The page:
Texting makes people walk funny, which could make them more prone to accidents, new research suggests.
When texting, walkers change their posture to keep their upper body fairly rigid in order to keep the screen in their field of view, a new study published today (Jan. 22) in the journal PLOS ONE reveals. The result? People veer off course.
"Obviously deviating from a straight line is very bad if you're walking close to traffic," said study co-author Siobhan Schabrun, a physical therapy researcher at the University of Western Sydney in Australia. [9 Odd Ways Tech Devices May Injure You]
Taken together, the findings suggest texting while walking can be very risky.
With smartphones everywhere, more and more people text throughout the day. By now, the hazards of texting while driving are well known, but the impact of texting while walking, which takes place at much lower speeds, seemed less clear.
Still, a few anecdotal reports suggest texting while walking isn't a great idea. In December, a tourist in Australia accidentally walked off a pier and fell into the ocean while checking Facebook on her phone, the BBC reported. (Though she couldn't swim, she managed to float for 20 minutes, with phone in hand, until she was rescued.) In addition, a 2012 study detailed in the journal Gait & Posture revealed that texting can disrupt a person's gait and inhibit working memory.
To see how texting affected people, Schabrun and her colleagues asked 26 young, healthy volunteers with an average age of 30 to walk across a long hallway while texting, reading something on their phone, or doing nothing. The participants were frequent texters and were told to just walk and text as they normally would.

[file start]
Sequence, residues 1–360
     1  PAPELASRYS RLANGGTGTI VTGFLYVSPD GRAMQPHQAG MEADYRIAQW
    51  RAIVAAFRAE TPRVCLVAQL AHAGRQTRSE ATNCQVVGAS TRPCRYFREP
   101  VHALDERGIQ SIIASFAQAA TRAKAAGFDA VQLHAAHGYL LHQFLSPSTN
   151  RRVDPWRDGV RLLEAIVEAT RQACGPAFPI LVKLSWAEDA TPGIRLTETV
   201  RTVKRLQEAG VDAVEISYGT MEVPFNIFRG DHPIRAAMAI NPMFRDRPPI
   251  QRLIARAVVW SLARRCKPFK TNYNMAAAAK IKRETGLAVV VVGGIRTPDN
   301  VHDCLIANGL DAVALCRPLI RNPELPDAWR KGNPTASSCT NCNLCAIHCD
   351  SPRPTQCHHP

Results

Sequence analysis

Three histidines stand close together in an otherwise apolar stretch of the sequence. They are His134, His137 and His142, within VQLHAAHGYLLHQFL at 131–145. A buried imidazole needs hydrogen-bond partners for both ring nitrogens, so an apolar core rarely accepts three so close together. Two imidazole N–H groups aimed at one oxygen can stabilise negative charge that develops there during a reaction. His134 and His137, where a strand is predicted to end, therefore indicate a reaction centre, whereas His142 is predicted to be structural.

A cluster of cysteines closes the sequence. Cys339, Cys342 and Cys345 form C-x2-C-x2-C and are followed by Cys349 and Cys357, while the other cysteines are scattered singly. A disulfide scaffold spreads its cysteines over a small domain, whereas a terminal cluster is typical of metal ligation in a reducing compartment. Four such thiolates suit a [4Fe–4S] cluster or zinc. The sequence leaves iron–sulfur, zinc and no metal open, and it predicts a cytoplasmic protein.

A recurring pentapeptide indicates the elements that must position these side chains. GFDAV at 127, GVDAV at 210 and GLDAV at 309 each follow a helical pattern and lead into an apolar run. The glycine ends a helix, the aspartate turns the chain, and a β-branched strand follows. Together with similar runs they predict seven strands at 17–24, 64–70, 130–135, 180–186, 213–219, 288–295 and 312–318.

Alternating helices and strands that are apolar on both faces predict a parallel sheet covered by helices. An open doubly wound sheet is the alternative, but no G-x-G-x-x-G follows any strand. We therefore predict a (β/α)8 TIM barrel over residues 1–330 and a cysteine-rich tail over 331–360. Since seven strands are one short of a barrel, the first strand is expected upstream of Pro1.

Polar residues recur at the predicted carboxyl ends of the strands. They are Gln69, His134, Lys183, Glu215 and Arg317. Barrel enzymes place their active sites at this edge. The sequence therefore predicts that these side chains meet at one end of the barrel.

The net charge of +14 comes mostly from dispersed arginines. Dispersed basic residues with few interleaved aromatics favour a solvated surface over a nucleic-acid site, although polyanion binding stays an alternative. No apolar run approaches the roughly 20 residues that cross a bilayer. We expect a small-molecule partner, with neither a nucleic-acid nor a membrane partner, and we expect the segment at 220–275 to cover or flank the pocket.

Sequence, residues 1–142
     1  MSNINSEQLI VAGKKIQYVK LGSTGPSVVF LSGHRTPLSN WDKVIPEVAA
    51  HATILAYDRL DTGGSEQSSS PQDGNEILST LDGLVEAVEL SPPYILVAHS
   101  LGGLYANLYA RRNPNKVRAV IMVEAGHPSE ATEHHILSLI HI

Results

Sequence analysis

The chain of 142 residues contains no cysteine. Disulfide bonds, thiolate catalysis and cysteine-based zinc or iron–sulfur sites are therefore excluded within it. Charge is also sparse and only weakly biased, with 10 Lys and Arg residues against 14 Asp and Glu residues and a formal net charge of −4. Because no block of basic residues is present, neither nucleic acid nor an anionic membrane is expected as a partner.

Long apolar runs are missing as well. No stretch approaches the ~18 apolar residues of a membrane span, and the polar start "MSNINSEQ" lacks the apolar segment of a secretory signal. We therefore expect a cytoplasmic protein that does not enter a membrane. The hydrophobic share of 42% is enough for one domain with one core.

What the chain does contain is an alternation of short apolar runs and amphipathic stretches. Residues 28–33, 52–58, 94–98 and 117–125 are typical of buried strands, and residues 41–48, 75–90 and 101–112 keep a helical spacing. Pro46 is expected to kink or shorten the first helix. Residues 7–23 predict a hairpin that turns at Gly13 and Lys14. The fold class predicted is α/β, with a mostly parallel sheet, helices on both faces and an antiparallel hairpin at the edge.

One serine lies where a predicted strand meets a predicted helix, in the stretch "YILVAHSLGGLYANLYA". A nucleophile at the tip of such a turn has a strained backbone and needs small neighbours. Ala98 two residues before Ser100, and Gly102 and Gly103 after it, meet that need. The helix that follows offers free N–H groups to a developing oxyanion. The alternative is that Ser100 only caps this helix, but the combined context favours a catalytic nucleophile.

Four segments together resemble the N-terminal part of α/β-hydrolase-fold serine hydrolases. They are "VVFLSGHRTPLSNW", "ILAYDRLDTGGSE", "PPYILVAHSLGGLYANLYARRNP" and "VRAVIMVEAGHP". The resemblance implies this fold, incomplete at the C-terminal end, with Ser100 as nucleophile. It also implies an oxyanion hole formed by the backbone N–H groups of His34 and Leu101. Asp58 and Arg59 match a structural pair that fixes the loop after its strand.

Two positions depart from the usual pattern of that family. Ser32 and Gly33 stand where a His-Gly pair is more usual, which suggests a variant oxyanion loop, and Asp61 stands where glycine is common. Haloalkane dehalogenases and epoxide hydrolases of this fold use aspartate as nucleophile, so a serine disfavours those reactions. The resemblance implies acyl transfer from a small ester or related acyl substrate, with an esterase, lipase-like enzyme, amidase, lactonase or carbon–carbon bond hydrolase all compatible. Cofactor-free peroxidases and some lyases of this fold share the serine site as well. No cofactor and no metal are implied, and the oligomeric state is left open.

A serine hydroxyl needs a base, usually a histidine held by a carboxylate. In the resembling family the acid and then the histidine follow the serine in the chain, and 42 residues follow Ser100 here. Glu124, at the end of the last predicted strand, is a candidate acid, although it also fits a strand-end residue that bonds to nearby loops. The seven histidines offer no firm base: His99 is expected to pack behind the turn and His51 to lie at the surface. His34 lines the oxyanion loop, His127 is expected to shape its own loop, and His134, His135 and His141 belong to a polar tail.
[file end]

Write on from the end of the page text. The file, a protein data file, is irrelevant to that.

Several cameras tracked their movements, and reflective markers on their bodies tracked the position of different body segments as they walked.
Texting dramatically altered their posture.
"People when they're texting on the phone walk more like a robot," Schabrun told LiveScience. "Because they need to keep their phone steady in their field of vision, they lock all their body segments."
Other studies, mostly in elderly people, have shown that a stiff gait makes trips and falls more likely.
The researchers also noticed the texters veered off a straight course more often than participants who were doing nothing. The same problems cropped up while reading messages on a mobile phone, but to a much lesser extent, Schabrun said.
In addition, 35 percent of the texting group told the researchers they had already tripped or bumped into somebody or something while texting and walking in their everyday lives.
"That's quite high for a generation that is supposedly so proficient with our phones, and supposedly so good at multitasking," Schabrun said.
Beyond changes in posture and gait, texting while walking may be dangerous simply because it's distracting. Other studies have found that in virtual environments, pedestrians looking at their phones got into more collisions with virtual vehicles than those who were not, Schabrun said. And several studies have found that people are bad at multitasking in general.
Technologies, such as see-through phones that allow people to see traffic around them, or text dictation could conceivably help, but they need to be tested to see if they actually make pedestrians safer, Schabrun said.
In the meantime, "when you're in those high-risk environments you need to stop, look and listen, and be careful," Schabrun said.
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